June 12, 2011
Rancho Santa Fe, CA
Polo is one of the oldest recorded team sports in history,
and it maintains its sophistication in contemporary culture by offering an
exciting and dangerous viewing experience for high society fans.
The San Diego Polo Club presents live matches every
Sunday at The Polo Fields throughout summer,
located on the cusp of Del Mar and Rancho Santa Fe.
Presented by Rivera Magazine. Join the who’s who of San Diego society for a spectacular day in Rancho Santa Fe.
12:00pm Gates Open
1:00pm First Match
Intermission- Fashion Show
3:00pm Feature Match
3:30pm Champagne Divot Stomp
5-7pm 7th Chukker Party presented by FLUXX
Following the fun-filled Divot Stomp ritual, trophies are awarded to the winning team,
whereupon attendees proceed to mix, mingle, drink and dance until 7pm at the Polo After-Party.
General Admission Tickets can be purchased on the day of the event for $10 and children 12 and under are free. If you want the ultimate San Diego Polo experience, VIP tickets cost $25 for adults and $12.50 for children.
The fashion and style of OPENING DAY AT THE DEL MAR RACES.
Socialites of Rancho Santa Fe and celebrities from nearby LA all made sure to make an appearance in their most fabulous attire.
Opening Day boasts a bevy of stylish partygoers socializing and mingling with bubbly in hand,
a designer clutch in the other, and walking with their best sartorial swagger.
Origin of Polo
Polo is one of the oldest and fastest team games. The first recorded game occurred about 600 BC in North Persia from where it spread slowly East as far as China and Japan. However, it was not until around the middle of the 19th century that the beginnings of polo as we know it today took shape, when soldiers and merchants in Northern India adopted a game then played by Manipuri hillsmen. The name ‘polo’ is derived from the Indian ‘pulu’ for the wood from which the ball was made and the word ‘chukker’ comes from the Indian word for a circle or round.
Although the first polo club, The Retreat at Silchar in India, was founded in 1859, no formal rules were produced until 1875 when Hurlingham in London became the recognized headquarters of the game.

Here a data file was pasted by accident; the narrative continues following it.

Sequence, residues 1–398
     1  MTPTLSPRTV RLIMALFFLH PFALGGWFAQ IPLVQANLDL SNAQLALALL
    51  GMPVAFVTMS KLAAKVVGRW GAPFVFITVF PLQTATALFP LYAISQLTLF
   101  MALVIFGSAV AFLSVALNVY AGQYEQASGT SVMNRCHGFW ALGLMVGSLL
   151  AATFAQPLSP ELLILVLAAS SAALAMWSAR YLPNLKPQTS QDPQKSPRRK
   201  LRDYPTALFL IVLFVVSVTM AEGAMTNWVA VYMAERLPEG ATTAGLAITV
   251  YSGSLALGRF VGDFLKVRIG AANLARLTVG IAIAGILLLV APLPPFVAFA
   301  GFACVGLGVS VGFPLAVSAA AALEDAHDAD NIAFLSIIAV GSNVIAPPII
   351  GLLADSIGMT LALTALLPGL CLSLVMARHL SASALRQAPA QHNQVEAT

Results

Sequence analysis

During the past 100 years, the game has expanded throughout the world and is now regularly played in over 50 different countries.
It may be the biggest tournament in Southern California. All because of one man…
John D. Spreckels first visited Coronado Island in the late 1800’s, soon after discovering the engaging sport of polo. He was captivated by the area, known at the time as the playground for the wealthy. He immediately made plans to build a polo facility on island’s beautiful fields to host early prestigious polo tournaments, such as the Pacific Polo Open. The first Spreckels match was in 1909 and winners were presented with a dramatic silver trophy over two feet high. Engraved on the trophy was the inscription, “Polo Challenge Trophy, presented by John D. Spreckels,” along with the names of the winners each year. The trophy was retired in 1921 to a dedicated horseman and last winner, Carleton F. Burke.
In an effort to restore the history of polo in San Diego, Julie Mulvihill-Mayer and Joseph E. Jessop searched for old trophies, and soon came across the Spreckels Cup. Jessop Jewelers and President Ken Laughlin restored the old trophy.
When the season officially opened on June 10, 1988, the newly refurbished Spreckels Cup cast an undeniable glow upon the matches and players. The trophy’s presence provided a tangible link across the years and forged a bond between players, John D. Spreckels, and the band of polo players that had such an influence on our sport and upon San Diego Polo.
The California Thoroughbred Foundation generously loans the trophy to us annually.
We’d like to thank the CTF’s board for securing this prestigious trophy throughout this historical event.
Now, let’s fill it with 100 roses and drink champagne with the winners!
San Diego Polo Club
14555 El Camino Real
Rancho Santa Fe CA 92067